Scientists share simple seven-week strategy to lose nearly 8lbs (and you can eat as much as you want!)
- Scientists recruited 131 women to trial impact of HIIT and time restricted eating
- They were split into three groups, with one only eating within a ten-hour window
- Researchers found those on the diet and exercise programme lost almost 3.6kg
Combining HIIT exercises with a strict 6pm dinner cut-off could help you lose twice as much weight, a study suggests.
Overweight and obese women who stuck to the strategy for seven weeks lost 3.6kg (7.9lbs) on average.
For comparison, volunteers only asked to adhere to a time-restricted diet, where all daily meals could only be consumed within a 10-hour window like 8am-6pm, lost 2.1kg (4.6lbs).
And participants who merely took part in the brutal exercises, which burns a sweat through burpees, squats and push-ups interspersed with intervals of rest, lost almost 1.7kg (3.7lbs).
Asked if the strategy worked, one of the Norwegian researchers behind he study unequivocally said ‘yes’.
While participants in the Norwegian study could eat whatever they wanted and as much as they wanted, there was one catch. Their entire calorie intake had to take place within a ten-hour maximum time window
Hollywood A-listers like Jennifer Aniston and Mark Wahlberg (pictured above) have all jumped on the intermittent fasting trend since it shot to prominence in the early 2010s
It adds to the mountain of research praising the benefits of time restricted eating, or intermittent fasting.
Hollywood A-listers like Jennifer Aniston, Nicole Kidman and Mark Wahlberg have all jumped on the trend since it shot to prominence in the early 2010s.
Q+A: Everything you need to know about intermittent fasting
How does it work?
Intermittent fasting involves switching between days of fasting and days of eating normally.
It generally falls into two categories – narrowing eating times to 6-8 hours per day, also known as the 16:8 diet, and 5:2 intermittent fasting.
The 16:8 diet is a form of intermittent fasting, also known as Time Restricted Eating.
What is the difference between time restricted eating and 5:2 intermittent fasting?
Followers of the 16:8 eating plan fast for 16 hours a day, and eat whatever they want in the remaining eight hours – typically between 10am and 6pm.
This may be more tolerable than the well-known 5:2 diet – where followers restrict their calories to 500–to-600 a day for two days a week and then eat as normal for the remaining five days.
What are the benefits of Time Restricted Eating?
In addition to weight loss, 16:8 intermittent fasting is believed to improve blood sugar control, boost brain function and help us live longer.
Many prefer to eat between noon and 8pm as this means they only need to fast overnight and skip breakfast, but can still eat lunch and dinner, along with a few snacks.
When you do eat, it is best to opt for healthy options like fruits, vegetables and whole grains.
And drink water and unsweetened beverages.
What are the drawbacks?
Drawbacks of the fasting plan may be that people overindulge in the hours they can eat, leading to weight gain.
It can also result in digestive problems over the long-term, as well as hunger, fatigue and weakness.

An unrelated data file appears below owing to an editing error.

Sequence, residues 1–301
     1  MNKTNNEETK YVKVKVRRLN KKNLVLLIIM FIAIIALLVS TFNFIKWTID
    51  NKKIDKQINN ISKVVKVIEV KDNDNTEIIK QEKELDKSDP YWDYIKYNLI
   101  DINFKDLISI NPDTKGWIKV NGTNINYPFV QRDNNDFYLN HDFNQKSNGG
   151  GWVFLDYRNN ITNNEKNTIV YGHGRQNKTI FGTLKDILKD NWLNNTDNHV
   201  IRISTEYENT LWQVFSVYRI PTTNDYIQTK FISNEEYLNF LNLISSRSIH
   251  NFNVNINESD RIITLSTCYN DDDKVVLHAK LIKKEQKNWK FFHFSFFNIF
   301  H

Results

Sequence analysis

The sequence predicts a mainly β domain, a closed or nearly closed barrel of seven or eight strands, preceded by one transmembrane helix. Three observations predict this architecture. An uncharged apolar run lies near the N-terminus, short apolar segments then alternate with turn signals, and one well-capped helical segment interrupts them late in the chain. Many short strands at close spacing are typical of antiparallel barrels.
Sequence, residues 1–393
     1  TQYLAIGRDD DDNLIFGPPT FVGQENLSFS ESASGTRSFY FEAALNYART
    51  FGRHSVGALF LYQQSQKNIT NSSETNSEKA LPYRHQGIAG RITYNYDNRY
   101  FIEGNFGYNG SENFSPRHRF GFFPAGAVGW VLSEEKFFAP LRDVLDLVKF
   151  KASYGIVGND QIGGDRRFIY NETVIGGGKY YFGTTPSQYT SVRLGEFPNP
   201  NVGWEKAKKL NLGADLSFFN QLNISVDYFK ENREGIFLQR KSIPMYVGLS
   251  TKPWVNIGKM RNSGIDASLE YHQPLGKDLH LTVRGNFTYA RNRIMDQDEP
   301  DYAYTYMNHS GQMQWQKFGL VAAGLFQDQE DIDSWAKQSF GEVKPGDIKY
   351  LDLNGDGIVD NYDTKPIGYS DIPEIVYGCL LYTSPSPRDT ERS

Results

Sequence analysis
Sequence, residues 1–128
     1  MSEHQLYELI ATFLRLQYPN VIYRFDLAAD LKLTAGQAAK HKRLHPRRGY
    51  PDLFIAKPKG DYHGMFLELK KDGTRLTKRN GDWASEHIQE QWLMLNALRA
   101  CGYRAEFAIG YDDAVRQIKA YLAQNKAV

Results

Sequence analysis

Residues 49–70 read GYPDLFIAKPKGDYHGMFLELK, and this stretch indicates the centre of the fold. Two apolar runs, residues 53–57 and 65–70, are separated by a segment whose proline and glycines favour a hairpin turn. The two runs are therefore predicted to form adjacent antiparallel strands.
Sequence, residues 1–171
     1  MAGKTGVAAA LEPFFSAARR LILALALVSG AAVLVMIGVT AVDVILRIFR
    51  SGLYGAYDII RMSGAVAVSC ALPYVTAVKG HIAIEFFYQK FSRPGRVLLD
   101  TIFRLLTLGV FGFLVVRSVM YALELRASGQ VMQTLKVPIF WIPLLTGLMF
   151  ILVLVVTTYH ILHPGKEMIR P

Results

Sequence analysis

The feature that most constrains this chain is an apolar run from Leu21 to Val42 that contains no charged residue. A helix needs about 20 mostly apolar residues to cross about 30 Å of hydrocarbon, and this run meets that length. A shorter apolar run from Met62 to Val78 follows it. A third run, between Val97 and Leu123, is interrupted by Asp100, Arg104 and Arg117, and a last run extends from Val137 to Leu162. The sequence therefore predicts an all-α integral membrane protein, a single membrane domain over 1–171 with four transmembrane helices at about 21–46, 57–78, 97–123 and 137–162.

But, despite swathes of studies suggesting it works, experts remain divided over its effectiveness.
Some argue that fasters usually end up consuming a relatively large amount of food in one go, which over time may damage the body’s cells.
They even warn that it may raise risk of early death.
The new Norwegian University of Science and Technology study, published in Cell Metabolism, involved 131 women aged 19 to 45.
All four groups, which included a control set that ate and exercised normally, were equally sized.
Each HIIT session, involving 4x4minute and 10x1minute interval training, lasted 35 minutes.
Participants took part three times every week. During each session, they trained at over 90 per cent of their maximum heart rate.
Volunteers asked to eat within a 10-hour window were not asked to scale back what they consumed, just when they ate.
As well as losing more weight, the combination group saw ‘superior reductions in total and visceral fat mass’.
Visceral body fat, also known as ‘hidden’ fat, is fat that wraps around your abdominal organs.
But that wasn’t the only benefit.
Volunteers in the combination group saw the biggest drop in blood sugar levels and improvement in oxygen intake.
High blood sugar levels and low oxygen levels are both markers of cardiometabolic diseases – a group of common but often preventable conditions including heart attack, stroke, diabetes, insulin resistance and non-alcoholic fatty liver disease.
Cardiovascular disease (CVD), which includes heart attacks and strokes, kills more people across the world than any other illness.
The World Health Organization estimates 18million people are killed by the condition every year, accounting for over 30 per cent of all global deaths.
In the UK, CVD is responsible for a quarter of all deaths, or around 160,000 deaths each year.
In the US, CVD contributes to every one in five deaths — or around 697,000 — each year, according to the Centres for Disease Control and Prevention.
Dr Trine Moholdt, who led the study, said: ‘Numerous studies have shown positive health effects of time-limited eating and HIIT individually.
‘We wanted to see if combining these two lifestyle changes is more effective than just one of them alone. Few previous studies have done that.’
She said: ‘The risk of losing weight without exercising is that you’ll lose a lot of muscle mass, which isn’t advisable.
‘Starting with both time-limited eating and high-intensity interval training can be a good idea if you want to quickly improve your health and reduce the risk of disease.’
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